electronic reputation
User Login





Lost Password?
Latest News

Language of Future: Why Mandarin Chinese is Taking Off in Schools Print

 

Original Text from www.independant.co.uk 

By Steve McCormack  Thursday, 5 July 2007

 

Far from being intimidated, the pupils marvel at the characters' intricate shapes

Mandarin Chinese is booming in British schools. New figures show a 27 per cent rise this year in pupils sitting the version of the GCSE most suitable for newcomers to the language. And there has been an even more noticeable increase in Mandarin pupils for the first stage of the new Asset Languages qualifications system, where entries have gone up 900 per cent.

Although the absolute numbers of pupils involved remain small – 729 sat the GCSE this year, and 1,501 took the Asset test – the trend is striking proof that languages can quickly take hold and flourish when introduced in a school. One such school is The Ashcombe School, a large comprehensive language college in Dorking, Surrey, where Mandarin has become a part of school life.

It's a normal summer-term lunch time. Footballs are being lazily kicked around the playground. A ragged queue snakes its way out of the busy dining room, and large groups of year-11s wait to file into the hall to sit one of their last GCSEs. In the background, though, a strange noise can be heard coming from a classroom window. Young voices are chanting monosyllabic sounds in unison, as a teacher holds up A4-sized cards bearing bold, black characters. No one raises an eyebrow: this is a familiar scene.

It's the weekly intermediate Chinese class. Next door, another teacher is taking a group of beginners. The specialist language college has scheduled Mandarin into both timetabled lessons and lunchtime clubs. The subject is open to pupils of all ages, and about 50 students are studying it. Over the years, hundreds have acquired some proficiency, and a few have gone on to study Mandarin at university. The school also sends staff around its feeder primaries to introduce the language to younger children.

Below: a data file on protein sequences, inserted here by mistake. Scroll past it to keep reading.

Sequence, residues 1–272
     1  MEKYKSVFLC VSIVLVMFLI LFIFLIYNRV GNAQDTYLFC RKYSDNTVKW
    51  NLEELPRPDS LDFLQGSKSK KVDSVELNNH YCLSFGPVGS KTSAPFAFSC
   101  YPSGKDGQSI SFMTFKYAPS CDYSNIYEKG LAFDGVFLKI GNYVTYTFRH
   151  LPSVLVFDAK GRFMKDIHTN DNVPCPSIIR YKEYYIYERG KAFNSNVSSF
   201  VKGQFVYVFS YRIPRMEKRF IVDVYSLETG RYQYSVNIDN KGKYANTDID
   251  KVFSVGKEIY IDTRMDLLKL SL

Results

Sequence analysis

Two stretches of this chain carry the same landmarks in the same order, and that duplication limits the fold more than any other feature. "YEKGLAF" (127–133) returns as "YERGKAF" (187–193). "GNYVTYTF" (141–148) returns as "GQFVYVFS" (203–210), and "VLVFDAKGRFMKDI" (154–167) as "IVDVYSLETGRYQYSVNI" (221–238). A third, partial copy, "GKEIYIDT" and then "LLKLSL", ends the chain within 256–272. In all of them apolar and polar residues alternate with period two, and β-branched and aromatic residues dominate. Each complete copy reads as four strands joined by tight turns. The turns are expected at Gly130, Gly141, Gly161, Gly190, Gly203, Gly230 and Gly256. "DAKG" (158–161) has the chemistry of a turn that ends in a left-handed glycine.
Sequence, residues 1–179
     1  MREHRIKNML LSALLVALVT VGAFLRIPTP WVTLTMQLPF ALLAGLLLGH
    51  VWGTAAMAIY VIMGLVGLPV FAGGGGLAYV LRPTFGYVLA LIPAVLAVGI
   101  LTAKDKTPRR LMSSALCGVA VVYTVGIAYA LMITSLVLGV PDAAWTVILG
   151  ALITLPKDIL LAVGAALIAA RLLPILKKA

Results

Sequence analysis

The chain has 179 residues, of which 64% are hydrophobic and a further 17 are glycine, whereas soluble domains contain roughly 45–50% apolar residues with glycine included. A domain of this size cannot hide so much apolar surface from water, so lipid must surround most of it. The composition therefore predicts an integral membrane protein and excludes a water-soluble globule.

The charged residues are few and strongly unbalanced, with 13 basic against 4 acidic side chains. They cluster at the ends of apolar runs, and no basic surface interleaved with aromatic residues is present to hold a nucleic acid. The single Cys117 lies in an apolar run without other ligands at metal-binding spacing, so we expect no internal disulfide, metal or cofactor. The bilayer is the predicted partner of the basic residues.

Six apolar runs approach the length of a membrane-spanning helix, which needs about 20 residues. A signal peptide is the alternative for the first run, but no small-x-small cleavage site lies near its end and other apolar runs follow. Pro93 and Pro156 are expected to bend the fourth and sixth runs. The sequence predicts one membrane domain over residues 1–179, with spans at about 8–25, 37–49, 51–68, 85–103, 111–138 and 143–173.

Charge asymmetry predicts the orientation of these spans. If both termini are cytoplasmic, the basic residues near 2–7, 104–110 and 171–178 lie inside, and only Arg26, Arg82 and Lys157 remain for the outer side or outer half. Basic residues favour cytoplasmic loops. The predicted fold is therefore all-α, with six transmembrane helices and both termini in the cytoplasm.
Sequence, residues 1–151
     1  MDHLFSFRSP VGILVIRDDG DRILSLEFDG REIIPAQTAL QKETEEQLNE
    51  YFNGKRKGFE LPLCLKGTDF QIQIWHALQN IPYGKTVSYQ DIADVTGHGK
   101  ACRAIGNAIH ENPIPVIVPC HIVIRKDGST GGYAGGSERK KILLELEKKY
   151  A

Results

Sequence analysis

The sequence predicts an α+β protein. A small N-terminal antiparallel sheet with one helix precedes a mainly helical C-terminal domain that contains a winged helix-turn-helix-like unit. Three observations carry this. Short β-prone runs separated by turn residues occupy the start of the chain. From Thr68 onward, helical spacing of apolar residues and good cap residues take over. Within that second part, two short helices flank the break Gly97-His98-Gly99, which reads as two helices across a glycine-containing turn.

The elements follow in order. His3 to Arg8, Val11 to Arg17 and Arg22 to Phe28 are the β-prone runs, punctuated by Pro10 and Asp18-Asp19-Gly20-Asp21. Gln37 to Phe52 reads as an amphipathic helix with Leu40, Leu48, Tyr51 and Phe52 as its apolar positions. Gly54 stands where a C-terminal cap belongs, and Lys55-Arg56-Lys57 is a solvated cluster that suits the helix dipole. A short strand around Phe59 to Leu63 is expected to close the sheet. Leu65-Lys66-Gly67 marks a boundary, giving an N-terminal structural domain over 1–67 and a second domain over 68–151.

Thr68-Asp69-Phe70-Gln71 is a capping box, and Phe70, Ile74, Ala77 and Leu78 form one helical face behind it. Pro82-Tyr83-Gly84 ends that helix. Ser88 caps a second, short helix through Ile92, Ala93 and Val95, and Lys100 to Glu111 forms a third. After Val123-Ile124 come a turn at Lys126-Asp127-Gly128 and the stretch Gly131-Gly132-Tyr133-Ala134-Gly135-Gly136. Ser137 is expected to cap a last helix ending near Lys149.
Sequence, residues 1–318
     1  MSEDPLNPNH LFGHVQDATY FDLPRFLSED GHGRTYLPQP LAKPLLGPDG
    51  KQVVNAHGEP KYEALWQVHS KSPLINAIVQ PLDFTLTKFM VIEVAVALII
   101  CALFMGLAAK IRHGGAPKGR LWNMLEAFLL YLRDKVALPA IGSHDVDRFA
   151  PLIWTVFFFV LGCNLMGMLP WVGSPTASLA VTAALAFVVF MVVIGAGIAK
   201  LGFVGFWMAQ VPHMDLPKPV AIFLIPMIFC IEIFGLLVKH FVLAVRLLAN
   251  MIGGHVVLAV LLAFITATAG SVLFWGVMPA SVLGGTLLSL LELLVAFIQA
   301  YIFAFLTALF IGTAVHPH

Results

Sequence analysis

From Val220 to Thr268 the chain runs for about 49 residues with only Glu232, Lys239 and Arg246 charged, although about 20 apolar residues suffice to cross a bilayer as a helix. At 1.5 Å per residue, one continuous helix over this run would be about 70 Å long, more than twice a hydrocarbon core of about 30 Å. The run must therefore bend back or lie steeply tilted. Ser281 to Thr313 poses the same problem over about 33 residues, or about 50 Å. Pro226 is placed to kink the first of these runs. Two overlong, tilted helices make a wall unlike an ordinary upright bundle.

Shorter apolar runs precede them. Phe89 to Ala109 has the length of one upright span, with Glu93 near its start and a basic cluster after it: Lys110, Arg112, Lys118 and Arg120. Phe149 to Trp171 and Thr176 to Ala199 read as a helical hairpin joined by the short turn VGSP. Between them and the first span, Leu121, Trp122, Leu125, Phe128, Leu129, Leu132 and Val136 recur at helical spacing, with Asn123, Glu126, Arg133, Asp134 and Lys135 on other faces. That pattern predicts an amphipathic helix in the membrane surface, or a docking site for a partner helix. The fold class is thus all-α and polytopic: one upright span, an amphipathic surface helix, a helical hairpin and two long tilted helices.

Ashcombe was one of the first schools in the UK to start teaching Chinese, and in the last year or so more have followed suit. But while a few independent schools, among them Wellington College and Brighton College, have attracted headlines by making Chinese a compulsory subject for new entrants, their public-funded counterparts have taken a more gradual approach.

There are now about 400 state schools in the country where some Chinese is taught. For the first time, under reforms about to be implemented to the secondary curriculum, schools will be allowed to choose a non-European tongue, such as Mandarin, as the compulsory language taught to pupils when they arrive from primary school.

The Specialist Schools and Academies Trust (SSAT), which works closely with the Government and represents more than 85 per cent of secondary schools, has signed an agreement with the Chinese government to bring teachers from China to help in British classrooms. The first will arrive for the start of next term. By September 2008 there should be 100 across the country.

"There's a groundswell of interest among parents which is causing real momentum," says Katherine Carruthers, Chinese coordinator at SSAT. "People in increasing numbers realise that their children should learn something about China and its language." Ashcombe's experience, however, suggests it would be unrealistic to expect Chinese to sweep through British schools right away. Ashcombe deliberately chose not to make the language compulsory for all, instead allowing pupils to opt in if they so chose, something they have largely done in small groups so far.

Neither does the school pretend that Mandarin is an easy language. The characters bear no resemblance to any European scripts. And correct intonation is so crucial that the teaching must proceed at a relatively slow pace, leavened by games and lighter activities to maintain enthusiasm.

"If you're objective, you have to say it is a hard language," says Anne Martin, a Chinese graduate who teaches two days a week at Ashcombe. "But the approach to teaching it should not start by telling pupils they'll find it harder than other languages, because it will put them off. It's important that when they start, it has to be fun."